Crane, the drawing of the barn brought back memories from the past. We had several barns like that in McHenry County, Illinois where I grew up. Awesome. In the early ’50’s as a young kid, Dad advocated for drug addicition to be treated as a disease. I remember him telling a young intern who was concerned that they were snowing under a cancer patient with morphine that if she survived, she would become an addict. Dad told him, if she survives the cancer, which is unlikely then we as physicians who are trained in Pharmacology will be able to treat her and allow her to withdraw from her addiction. The patient did not survive so the point was moot. However, Dad felt that drug addiction should be treated as a disease and treated by a physician instead of the patient being incarerated with no treatment at all. On a lighter note, you mentioned in a previous post that you were interested in Medical History. You might want to read the book Horse and Buggy Doctor by Arthur E. Hertzler, MD. Dad met him when he came to Chicago to give a talk before the Chicago Medical Society. Hertzler liked the fact that Dad had a farm and also practiced rural medicine in McHenry County. Hertzler joined Dad for dinner and he went over his practice as a Horse and Buggy Doctor. Dad found it amusing that Hertzler did not appreciate the invention of the motor car. His comment was in the Old Days, after making a late night house call, he could just crawl up in the buggy, if cold, wrap himself in the buggy blanket, fall alsleep, and let the horse take him home. He stated that these damn motor cars will not do that. As for using his horse and buggy, his comment was there were too many of these damn motor cars on the road and all they do is scare the horse. Thought you might enjoy this bit of medical history. It is a very interesting book to read.

        • Thank you, I would love that. My mother remembers the doctor in the buggy coming around in rural farming Missouri, and they gave him a chicken for payment, usually. Your father was so wise. I think any doctor today would agree, but our incarceration system is specifically designed for profit, repeat offenders, failure and recidivism. It is the poor without clout who are doing the hard time in this country, as we turn county jail cages into prisons, knowing full well that nonviolent and mentally ill or very poor offenders will never protest.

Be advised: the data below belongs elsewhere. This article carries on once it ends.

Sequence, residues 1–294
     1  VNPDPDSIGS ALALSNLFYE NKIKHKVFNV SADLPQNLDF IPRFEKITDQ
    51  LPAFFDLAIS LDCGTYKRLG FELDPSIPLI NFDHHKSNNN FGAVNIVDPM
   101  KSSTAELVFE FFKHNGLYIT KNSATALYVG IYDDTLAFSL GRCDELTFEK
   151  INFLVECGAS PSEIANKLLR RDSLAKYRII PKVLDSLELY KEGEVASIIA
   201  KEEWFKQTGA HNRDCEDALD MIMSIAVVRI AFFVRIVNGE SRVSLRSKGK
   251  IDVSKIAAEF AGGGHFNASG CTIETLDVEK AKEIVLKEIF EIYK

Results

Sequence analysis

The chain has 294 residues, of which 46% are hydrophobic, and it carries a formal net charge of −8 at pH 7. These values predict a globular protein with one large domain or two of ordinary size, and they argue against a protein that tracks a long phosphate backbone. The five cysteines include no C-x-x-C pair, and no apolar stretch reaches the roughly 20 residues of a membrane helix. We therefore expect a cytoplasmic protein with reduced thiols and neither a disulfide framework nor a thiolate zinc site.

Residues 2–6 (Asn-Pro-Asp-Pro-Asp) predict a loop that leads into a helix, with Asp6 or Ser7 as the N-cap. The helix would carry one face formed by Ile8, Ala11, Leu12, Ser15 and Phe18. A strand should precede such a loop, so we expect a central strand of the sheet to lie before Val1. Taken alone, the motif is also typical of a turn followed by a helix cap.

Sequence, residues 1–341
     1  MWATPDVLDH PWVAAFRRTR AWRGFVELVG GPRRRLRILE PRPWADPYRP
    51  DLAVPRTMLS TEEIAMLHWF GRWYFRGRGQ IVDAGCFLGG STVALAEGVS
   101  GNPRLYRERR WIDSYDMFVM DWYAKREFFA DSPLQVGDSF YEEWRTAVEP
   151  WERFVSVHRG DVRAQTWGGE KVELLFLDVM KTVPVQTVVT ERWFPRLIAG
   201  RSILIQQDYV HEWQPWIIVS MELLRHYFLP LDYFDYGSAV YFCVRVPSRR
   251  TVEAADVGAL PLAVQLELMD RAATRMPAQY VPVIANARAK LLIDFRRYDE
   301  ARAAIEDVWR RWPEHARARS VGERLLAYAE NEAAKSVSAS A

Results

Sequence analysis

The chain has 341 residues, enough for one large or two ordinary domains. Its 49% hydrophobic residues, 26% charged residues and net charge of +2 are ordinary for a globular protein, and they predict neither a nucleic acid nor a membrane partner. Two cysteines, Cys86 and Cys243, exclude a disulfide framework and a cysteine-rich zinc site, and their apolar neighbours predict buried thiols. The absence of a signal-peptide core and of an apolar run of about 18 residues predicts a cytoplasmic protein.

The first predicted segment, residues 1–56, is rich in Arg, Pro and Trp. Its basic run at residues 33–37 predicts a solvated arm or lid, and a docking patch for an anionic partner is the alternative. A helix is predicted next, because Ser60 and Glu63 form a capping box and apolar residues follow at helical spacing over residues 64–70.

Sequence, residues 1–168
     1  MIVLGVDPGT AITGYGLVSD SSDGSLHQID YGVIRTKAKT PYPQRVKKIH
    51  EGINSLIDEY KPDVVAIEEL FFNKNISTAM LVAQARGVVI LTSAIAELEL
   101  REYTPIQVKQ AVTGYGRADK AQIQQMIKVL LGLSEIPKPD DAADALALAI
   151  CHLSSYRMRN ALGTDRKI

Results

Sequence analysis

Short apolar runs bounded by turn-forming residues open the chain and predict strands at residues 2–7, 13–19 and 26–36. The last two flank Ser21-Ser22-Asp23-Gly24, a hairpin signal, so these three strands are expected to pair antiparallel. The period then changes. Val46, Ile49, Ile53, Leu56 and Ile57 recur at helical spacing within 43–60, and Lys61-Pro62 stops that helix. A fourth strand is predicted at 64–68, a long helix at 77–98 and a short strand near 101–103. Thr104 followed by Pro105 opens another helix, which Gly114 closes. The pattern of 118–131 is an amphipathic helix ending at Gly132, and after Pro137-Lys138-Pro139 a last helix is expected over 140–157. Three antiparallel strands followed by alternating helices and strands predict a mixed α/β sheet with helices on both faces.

• William Walton says:

            Crane, you may also enjoy this bit of history. Mom rented out the farm for hunting a a group of pharmaceutical salesmen from the Chicago area. At noon, November 11, Armistice Day these hunters would arrive early at the farm with their cars loaded with samples. They would ask where Dad;s home office was and unload boxes and boxes of samples which Dad would use to treat people who could not afford medication. They would then call the pharmacist, Arlie, in town and ask what he needed replaced since he would fill Dad’s scripts if Dad did not have enough samples. This was the way and should still be the way Medicine is practiced. Another interesting note, the office in Chicago where Dad had his practice, there were dentists and attorneys who graduated Northwestern who took care of each other and their families. It was called Professional Courtesy.

          • Oh yes I do appreciate that and I remember very well the days of Professional Courtesy, in Medicine.

            Lovely lovely story about the samples. It has to be a sad shame for the doctors who remember those days to see what is happening with health care these days.

            The most recent book I have read concerning medical history is about the Great Influenza pandemic of 1918.

            Nearly anyone in their 80s or 90s remembers this flu. It’s been a ‘minute’ since I read, but I believe the epidemic may have started in Kansas and may have been related to crowded conditions among troops. If memory serves.

            Correct me if wrong!

  5. MDH says:

    Note that the maniacal War on Drugs is arguably the root cause of the old lady being a victim. Addiction is a disease that requires treatment and often runs in families. So the mother was not there for her son and neither was given treatment. The need for money to feed the beast {addiction} leads to desperate acts committed by the addict.

    As we have seen in the Trayvon debacle, rational thought and critical thinking has exited stage right in the USA.

    • Exactly. Thank you so much for the insightful comment. The boy needed a mother, and the mother needed some drug treatment; instead, she was caged like an animal, and an elderly woman is now an additional tragic victim.